It could be time to book profits on Netflix (NFLX), which has skyrocketed 34% this year.
And the reason for doing so is easily found on the streaming giant’s investor relations page under the financial reports section.
At first blush, Netflix delivered in the first quarter... and then some. Netflix reported first quarter earnings of 76 cents a share versus Wall Street analyst estimates of 57 cents a share. Net sales clocked in at $4.52 billion, slightly above forecasts for $4.5 billion.
Netflix added 9.6 million total new subscribers in the quarter, up 16% from a year ago. Analysts estimated 8.94 million new additions.
Nevertheless, Netflix shares dropped as much as 4% in after-hours trading Tuesday. The stock fell 1% on Wednesday pre-market.
Some warning signs
Here are several of the red flags Yahoo Finance dug up on Netflix’s quarter:
Netflix sees a deceleration in new subscriber additions in the second quarter to 5 million. Wall Street had expected 6.09 million.
Sales growth slowed for the fourth straight quarter.
Operating profit margins fell 190 basis points from the prior year.
The year-over-year growth trend in paid memberships also continues to be lower.
At an outflow of $460 million in the quarter, Netflix burned cash at a faster rate than the year ago quarter ($287 million).
Some of Netflix’s commentary on its earnings press release is unlikely to help sentiment, either.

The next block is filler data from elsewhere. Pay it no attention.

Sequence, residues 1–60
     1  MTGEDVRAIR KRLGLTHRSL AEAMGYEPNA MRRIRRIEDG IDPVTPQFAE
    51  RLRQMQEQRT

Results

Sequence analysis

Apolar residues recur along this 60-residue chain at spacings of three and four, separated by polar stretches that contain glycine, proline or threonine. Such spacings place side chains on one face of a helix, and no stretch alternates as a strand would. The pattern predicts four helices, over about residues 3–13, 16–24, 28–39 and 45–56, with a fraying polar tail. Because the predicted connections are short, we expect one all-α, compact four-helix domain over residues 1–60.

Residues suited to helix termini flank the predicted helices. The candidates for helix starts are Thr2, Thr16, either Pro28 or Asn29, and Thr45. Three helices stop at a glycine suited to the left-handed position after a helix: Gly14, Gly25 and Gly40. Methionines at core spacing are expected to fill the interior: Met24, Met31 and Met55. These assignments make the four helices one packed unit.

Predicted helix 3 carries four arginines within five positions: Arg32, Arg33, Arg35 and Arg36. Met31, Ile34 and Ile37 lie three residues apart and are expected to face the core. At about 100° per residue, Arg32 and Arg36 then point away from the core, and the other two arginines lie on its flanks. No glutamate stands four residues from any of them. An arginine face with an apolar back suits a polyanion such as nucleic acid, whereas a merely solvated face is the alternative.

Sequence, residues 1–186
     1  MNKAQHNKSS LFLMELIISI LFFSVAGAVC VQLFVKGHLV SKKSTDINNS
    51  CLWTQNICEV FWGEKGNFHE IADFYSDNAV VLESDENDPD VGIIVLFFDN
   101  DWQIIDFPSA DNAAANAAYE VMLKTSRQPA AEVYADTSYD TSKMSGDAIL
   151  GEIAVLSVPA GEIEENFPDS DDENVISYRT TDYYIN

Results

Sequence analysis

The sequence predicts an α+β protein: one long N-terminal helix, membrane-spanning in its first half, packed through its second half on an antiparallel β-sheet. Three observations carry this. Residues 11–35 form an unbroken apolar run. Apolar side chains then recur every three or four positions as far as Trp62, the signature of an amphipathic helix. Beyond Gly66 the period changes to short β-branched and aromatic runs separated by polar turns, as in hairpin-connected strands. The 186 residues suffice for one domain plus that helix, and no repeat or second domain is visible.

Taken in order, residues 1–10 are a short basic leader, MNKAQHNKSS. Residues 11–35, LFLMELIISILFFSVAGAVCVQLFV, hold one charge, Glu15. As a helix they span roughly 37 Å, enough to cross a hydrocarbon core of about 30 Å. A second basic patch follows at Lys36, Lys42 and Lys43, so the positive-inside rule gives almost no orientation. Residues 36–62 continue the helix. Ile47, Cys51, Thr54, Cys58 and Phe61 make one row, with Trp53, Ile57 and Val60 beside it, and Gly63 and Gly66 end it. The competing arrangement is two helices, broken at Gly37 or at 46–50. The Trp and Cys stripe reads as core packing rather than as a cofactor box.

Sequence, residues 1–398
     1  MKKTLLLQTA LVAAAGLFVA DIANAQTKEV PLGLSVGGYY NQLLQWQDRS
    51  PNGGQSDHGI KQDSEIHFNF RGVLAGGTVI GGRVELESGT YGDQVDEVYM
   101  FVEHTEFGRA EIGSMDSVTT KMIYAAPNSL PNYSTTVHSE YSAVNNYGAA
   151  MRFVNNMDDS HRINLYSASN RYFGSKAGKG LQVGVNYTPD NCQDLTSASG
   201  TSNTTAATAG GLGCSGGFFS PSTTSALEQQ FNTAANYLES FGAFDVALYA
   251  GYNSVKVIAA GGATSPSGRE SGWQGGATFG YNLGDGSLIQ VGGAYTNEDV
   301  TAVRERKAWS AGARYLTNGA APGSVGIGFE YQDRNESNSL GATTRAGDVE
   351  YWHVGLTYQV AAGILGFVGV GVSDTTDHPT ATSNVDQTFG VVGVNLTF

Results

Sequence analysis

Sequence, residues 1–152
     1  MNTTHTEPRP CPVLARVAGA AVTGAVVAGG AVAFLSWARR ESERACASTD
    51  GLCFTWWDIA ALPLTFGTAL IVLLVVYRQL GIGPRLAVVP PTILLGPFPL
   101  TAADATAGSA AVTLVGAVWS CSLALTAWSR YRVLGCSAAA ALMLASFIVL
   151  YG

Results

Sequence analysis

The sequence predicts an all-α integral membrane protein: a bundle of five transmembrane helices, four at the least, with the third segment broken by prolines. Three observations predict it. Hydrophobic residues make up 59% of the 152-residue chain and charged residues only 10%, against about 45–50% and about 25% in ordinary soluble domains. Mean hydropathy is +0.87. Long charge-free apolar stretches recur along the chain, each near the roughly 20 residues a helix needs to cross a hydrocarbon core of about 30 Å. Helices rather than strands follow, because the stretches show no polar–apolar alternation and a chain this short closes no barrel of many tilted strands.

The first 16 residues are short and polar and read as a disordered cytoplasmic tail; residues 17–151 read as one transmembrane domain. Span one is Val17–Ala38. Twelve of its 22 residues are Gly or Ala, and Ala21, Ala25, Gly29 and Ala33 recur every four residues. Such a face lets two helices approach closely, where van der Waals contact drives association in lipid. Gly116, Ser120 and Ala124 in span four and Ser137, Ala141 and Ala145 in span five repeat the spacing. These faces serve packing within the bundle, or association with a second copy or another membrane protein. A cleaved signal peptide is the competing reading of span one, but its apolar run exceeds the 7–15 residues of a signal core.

“We’re working our way through a series of price increases in the U.S., Brazil, Mexico and parts of Europe. The response in the U.S. so far is as we expected and is tracking similarly to what we saw in Canada following our Q4’18 increase, where our gross additions are unaffected, and we see some modest short-term churn effect as members consent to the price change,” Netflix said.
Netflix isn’t perfect
Without question, Netflix is a tech titan. Despite the impending threat of Disney’s new streaming service, Netflix will remain the dominant force in the industry for the foreseeable future. The company’s investment in original content and global infrastructure pretty much are unrivaled.
“We don’t anticipate that these new entrants will materially affect our growth because the transition from linear to on demand entertainment is so massive and because of the differing nature of our content offerings,” Netflix said about Apple and Disney.
But that doesn’t mean Netflix deserves a free pass after a squishy quarter and outlook like the one just delivered. Netflix’s stock is priced for perfection (price-to-earnings multiple is 134 times trailing-12 month earnings, per Yahoo Finance data), and it didn’t deliver that level of perfection expected by the masses on Wall Street. It’s that simple.
Netflix’s costs of doing business are going up; Apple and Disney are legitimate threats in original streaming programming and consumers have showed a willingness to re-evaluate their Netflix subscriptions amid another round of price hikes by Reed Hastings.
Netflix isn’t MoviePass by any stretch of the imagination, but it isn’t perfect. And neither is its stock right now.
Brian Sozzi is an editor-at-large at Yahoo Finance. Follow him on Twitter @BrianSozzi